Digestive enzymes play a crucial role in breaking down the food we consume and aiding in the digestion process. These enzymes are produced by various organs in our body, including the salivary glands, gastric glands in the stomach, secretory cells (islets) in the pancreas, and secretory glands in the small intestine. They help break down complex molecules into simpler forms that can be absorbed and utilized by the body.

Digestive enzymes are specialized proteins that act as catalysts to speed up the chemical reactions involved in the breakdown of food. Each enzyme is specific to a particular molecule type, such as carbohydrates, proteins, or fats.

In addition, to helping food digestion, they function to maintain the survival of our body’s cells.

The three main types of digestive enzymes are amylases, proteases, and lipases.



Amylases are responsible for breaking down carbohydrates into simple sugars like glucose. They are found in saliva, where the process of carbohydrate digestion begins. Once food reaches the stomach, amylases become inactive due to the acidic environment. However, they are reactivated in the small intestine by the pancreatic amylase.


Proteases, as the name suggests, are enzymes that break down proteins. They are produced in the stomach as pepsinogen, an inactive form, which is activated by stomach acid and converted into pepsin. Pepsin breaks down proteins into smaller peptides. In the small intestine, pancreatic proteases continue the process of protein digestion, breaking the peptides into individual amino acids that can be absorbed into the bloodstream.


Lipases are enzymes that break down fats or lipids. They are produced in the pancreas and are released into the small intestine. Lipases break down complex fats into smaller molecules called fatty acids and glycerol. These products can then be absorbed through the intestinal wall and utilized by the body for energy or other functions.


The digestion process starts in the mouth, where amylases begin breaking down carbohydrates while we chew our food. As the food travels down the esophagus and reaches the stomach, proteases and lipases start working. In the stomach, proteases break down proteins, and lipases initiate the breakdown of fats.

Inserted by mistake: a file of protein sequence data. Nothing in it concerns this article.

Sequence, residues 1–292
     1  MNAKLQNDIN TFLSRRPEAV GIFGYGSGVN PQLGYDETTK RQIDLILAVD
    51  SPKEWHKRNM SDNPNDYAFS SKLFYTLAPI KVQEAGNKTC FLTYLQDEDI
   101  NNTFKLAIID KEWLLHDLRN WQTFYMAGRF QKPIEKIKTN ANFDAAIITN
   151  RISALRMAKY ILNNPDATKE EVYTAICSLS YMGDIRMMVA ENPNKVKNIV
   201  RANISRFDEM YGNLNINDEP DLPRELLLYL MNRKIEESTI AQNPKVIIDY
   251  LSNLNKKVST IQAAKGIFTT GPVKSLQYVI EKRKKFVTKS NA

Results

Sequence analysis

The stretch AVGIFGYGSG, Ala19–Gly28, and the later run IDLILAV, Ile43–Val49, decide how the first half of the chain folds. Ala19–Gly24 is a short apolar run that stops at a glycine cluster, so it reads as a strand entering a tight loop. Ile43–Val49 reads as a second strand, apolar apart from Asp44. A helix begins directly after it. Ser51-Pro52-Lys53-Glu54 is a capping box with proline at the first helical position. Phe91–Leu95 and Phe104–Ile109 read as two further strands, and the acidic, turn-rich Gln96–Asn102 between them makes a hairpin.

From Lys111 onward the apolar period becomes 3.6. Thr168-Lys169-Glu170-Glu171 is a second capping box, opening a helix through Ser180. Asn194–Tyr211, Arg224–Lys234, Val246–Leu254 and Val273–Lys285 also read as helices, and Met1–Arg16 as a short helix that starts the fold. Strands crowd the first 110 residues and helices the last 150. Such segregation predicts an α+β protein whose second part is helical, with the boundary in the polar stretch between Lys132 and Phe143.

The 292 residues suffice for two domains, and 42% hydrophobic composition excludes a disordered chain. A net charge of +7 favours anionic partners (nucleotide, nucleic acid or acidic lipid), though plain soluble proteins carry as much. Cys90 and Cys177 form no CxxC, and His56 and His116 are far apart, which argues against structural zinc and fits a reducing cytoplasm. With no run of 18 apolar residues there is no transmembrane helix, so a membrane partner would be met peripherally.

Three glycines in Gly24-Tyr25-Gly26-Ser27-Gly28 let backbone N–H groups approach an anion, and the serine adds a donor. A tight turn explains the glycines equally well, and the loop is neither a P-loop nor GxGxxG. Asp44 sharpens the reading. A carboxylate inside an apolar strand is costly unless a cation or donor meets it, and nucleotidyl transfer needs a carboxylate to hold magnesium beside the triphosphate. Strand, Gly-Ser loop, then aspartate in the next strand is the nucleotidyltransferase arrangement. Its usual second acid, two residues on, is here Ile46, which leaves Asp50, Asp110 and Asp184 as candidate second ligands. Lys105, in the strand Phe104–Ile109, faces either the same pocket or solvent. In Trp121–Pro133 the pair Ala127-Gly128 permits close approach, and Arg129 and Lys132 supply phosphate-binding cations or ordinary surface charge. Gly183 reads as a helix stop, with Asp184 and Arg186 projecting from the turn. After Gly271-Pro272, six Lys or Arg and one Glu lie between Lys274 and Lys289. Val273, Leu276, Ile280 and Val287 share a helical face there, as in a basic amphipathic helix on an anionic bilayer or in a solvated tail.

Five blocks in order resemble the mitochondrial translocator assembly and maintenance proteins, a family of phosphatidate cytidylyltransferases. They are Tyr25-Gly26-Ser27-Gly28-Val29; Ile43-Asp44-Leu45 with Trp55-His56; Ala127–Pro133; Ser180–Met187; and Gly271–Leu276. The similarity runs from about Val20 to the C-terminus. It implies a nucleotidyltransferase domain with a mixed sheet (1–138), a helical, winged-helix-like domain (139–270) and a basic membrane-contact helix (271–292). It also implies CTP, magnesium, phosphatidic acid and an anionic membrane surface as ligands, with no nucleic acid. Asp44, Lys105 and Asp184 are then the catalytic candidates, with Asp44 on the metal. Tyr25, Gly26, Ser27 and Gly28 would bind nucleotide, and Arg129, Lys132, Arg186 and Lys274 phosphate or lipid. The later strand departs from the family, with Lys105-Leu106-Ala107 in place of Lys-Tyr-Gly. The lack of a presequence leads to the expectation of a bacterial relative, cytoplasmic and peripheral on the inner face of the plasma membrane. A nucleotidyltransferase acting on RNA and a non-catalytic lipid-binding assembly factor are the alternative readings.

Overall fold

The partially digested food then moves into the small intestine, where the majority of digestion and nutrient absorption occurs. Here, pancreatic enzymes, including amylases, proteases, and lipases, are released to further break down carbohydrates, proteins, and fats. The small intestine also produces additional enzymes, such as maltase, sucrase, and lactase, to assist in the digestion of specific sugars.

Once the food is broken down into its simplest form, the nutrients are absorbed through the intestinal wall into the bloodstream. The body then utilizes these nutrients for energy, growth, and maintenance of various bodily functions.

In some cases, individuals may have insufficient production of certain digestive enzymes, leading to digestive problems. For instance, lactose intolerance occurs when the body lacks sufficient lactase to break down lactose. In such cases, enzyme supplements can be taken to aid in digestion and alleviate discomfort.

Are you having digestive problems? Are you experiencing a leaky gut, (Leaky Gut Syndrome, LGS)? Research has found that digestive enzymes can improve digestion.

In addition, studies show they can decrease inflammation, ease arthritis, and may reduce IBS symptoms.

At our Tierra Wellness Center, we have digestive enzymes for you. Let’s chat, discuss your digestive problem, and set up the best way to heal and make you feel great again.

The Tierra Wellness Center

Personalized programs the natural way that will radically improve your health and inner vitality.


Address: 196 Rt. 206, 2nd floor
Flanders, New Jersey 07836

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Tel: 973-620-8811

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